Thursday, May 1, 2008

FCC to Cap High Cost Support Under the Universal Service Fund

Seeking to stem the growth of the Universal Service while it pursues larger reform measures, the FCC adopted an interim
cap on payments to competitive eligible telecommunications carriers (ETCs). Total annual support for competitive ETCs will be capped at the level of support that they were eligible to receive in each state during March 2008.

Currently, consumers pay more than 11 percent in USF fees on their interstate phone bills. Growth in contributions to the fund is largely attributable to competitive ETCs, who receive USF support based not on their actual costs, but on the costs of the incumbent provider,
even if the competitive ETC's costs of providing service are lower. USF payments to competitive ETCs have grown from approximately $1.5 million in 2000 to more than $1 billion in 2007. Left unchecked, this staggering growth threatens the sustainability of the USF program and forces consumers to pay excessive and ever-increasing contributions to the fund.

The order contains limited exceptions from the cap: Competitive ETCs serving tribal lands or Alaska Native regions may continue to receive traditional support at uncapped levels for serving those historically underserved areas. Also, competitive ETCs that file their own cost data may obtain an exemption from the cap. Finally, the order addresses a number of pending competitive ETC petitions, while making clear that such petitions will not increase the amount of the adopted cap.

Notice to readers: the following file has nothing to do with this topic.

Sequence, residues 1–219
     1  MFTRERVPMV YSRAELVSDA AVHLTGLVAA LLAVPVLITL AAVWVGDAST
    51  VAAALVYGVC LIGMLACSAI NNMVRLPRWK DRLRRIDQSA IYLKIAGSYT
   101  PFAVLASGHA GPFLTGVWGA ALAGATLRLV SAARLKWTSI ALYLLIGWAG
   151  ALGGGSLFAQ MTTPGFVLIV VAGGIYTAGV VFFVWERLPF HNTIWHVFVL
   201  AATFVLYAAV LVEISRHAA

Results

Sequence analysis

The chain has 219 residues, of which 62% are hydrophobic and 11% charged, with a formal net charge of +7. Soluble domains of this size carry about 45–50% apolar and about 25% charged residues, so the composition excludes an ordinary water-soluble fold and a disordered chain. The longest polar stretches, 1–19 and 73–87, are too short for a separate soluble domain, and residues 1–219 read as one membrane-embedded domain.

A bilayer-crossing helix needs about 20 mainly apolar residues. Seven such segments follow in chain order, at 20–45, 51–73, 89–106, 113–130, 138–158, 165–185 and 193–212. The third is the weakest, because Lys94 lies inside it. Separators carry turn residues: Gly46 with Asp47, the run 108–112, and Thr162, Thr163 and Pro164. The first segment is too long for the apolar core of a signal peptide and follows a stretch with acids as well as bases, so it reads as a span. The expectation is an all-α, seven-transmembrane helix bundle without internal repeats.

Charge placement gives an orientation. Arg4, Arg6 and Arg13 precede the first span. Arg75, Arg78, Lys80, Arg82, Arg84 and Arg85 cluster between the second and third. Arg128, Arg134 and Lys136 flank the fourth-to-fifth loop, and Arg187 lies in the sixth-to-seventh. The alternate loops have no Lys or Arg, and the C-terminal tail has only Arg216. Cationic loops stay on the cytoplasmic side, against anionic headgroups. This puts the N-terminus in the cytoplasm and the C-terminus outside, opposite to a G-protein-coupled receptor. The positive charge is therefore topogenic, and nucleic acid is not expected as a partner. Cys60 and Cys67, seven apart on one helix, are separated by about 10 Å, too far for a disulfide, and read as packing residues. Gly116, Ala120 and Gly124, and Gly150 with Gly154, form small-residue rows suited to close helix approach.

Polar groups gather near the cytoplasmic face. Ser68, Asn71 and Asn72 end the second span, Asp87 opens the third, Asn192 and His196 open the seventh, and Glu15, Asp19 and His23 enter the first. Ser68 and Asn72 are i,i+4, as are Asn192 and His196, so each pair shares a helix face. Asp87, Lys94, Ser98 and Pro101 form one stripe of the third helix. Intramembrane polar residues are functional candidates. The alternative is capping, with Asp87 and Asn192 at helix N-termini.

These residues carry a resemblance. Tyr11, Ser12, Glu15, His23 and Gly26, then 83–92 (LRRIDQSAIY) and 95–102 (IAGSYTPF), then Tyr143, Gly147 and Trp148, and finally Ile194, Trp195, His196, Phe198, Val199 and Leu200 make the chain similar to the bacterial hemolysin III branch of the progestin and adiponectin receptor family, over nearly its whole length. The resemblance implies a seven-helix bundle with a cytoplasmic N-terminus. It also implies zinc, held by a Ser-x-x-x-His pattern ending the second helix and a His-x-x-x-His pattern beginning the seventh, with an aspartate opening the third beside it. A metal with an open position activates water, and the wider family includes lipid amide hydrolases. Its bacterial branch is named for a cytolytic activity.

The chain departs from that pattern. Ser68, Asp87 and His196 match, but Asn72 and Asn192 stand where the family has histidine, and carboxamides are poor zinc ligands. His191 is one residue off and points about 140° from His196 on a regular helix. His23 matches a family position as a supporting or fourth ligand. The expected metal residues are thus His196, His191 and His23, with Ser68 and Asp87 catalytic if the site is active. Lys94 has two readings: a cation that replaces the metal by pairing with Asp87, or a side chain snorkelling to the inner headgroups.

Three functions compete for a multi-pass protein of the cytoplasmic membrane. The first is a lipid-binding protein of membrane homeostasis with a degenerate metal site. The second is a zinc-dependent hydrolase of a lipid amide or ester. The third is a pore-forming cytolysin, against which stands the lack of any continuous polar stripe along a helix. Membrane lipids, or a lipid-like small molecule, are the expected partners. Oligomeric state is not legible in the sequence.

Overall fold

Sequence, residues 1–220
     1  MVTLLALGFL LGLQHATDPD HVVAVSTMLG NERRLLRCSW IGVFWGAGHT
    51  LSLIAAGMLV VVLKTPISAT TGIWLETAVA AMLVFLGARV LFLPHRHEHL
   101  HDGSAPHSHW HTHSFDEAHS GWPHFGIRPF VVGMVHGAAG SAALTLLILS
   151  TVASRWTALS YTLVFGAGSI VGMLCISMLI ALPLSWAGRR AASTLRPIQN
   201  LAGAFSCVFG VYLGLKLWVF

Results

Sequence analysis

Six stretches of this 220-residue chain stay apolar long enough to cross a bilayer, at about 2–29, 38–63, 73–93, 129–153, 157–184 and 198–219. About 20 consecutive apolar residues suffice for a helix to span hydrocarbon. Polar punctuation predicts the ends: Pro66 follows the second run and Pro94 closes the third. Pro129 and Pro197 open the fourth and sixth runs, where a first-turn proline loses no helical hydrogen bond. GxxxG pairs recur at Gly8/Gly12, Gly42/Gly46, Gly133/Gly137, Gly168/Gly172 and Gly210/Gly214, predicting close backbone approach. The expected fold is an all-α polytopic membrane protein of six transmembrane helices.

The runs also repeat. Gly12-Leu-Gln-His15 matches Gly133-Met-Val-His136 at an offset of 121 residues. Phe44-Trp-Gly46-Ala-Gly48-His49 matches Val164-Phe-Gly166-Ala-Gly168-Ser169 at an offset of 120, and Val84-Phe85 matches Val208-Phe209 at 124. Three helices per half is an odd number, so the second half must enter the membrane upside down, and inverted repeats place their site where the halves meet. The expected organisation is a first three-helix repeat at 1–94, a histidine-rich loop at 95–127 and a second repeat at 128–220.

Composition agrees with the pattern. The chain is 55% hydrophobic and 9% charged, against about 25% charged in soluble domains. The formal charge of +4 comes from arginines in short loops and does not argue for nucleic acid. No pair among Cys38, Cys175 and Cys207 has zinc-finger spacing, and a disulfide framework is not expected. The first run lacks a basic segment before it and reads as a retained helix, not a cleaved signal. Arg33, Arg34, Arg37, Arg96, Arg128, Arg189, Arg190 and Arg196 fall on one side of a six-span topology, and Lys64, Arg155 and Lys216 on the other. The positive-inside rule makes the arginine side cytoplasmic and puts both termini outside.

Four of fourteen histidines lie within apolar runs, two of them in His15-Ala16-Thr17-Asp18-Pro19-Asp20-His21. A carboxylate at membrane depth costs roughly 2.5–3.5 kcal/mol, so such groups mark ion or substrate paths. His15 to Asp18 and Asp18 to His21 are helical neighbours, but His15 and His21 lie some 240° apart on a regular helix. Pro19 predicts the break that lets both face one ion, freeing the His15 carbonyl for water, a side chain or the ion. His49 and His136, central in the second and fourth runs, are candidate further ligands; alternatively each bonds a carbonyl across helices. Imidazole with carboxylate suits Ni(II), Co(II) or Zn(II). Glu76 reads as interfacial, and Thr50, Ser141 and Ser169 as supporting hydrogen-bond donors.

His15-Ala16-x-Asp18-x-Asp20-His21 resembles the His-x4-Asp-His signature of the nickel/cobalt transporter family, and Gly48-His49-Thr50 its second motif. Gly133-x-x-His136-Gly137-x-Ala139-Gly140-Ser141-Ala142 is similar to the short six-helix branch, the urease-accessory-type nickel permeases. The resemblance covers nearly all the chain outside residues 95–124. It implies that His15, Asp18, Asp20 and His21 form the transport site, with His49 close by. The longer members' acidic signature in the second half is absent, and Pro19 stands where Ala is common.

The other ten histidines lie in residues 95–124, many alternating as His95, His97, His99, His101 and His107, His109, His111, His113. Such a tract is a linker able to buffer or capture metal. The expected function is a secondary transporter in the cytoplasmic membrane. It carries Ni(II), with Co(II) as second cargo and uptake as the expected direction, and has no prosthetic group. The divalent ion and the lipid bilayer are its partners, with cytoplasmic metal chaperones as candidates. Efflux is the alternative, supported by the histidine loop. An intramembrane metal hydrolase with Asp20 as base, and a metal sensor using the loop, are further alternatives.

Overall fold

In a statement, FCC Chairman Kevin Martin wrote: "Changes in technology and increases in the number of carriers that receive universal service support, however, have placed significant pressure on the stability of the Fund. A large and rapidly growing portion of the high-cost support program is now devoted to supporting multiple competitors to serve areas in which costs are prohibitively expensive for even one carrier. These competitive ETCs don't receive support based on their own costs, but rather on the costs of the incumbent provider, even if their costs of providing service are lower. Indeed, growth in required contributions to the Fund is largely attributable to these competitive ETCs. High-cost support to competitive ETCs has grown from approximately $1.5 million in 2000 to well over $1 billion in 2007. Left unchecked, this staggering growth threatens the sustainability of the Fund."

Writing in opposition, FCC Commissioner Michael Copps stated "I dissent from today's decision to cap high-cost support for competitive eligible
telecommunications carriers (CETC) because it falls woefully short of the fundamental, comprehensive reforms needed to meet the overarching telecommunications challenge of the Twenty-first century. That challenge, both by statute and by necessity, is to encourage the deployment of basic and advanced telecommunications to all of our citizens and to ensure that the Universal Service system, which accomplished so much in the 20th Century, can do so again now. Today's decision does nothing meaningful to meet that challenge; indeed, it only deflects us from the goal. The outcome is an illusory band-aid that is supposed to contain costs but, in reality, imposes the much heavier cost of lost opportunity to reform Universal Service and put America back in the vanguard of advanced telecommunications. As a result of today's vote, real reform is on the back-burner. What a pity!"

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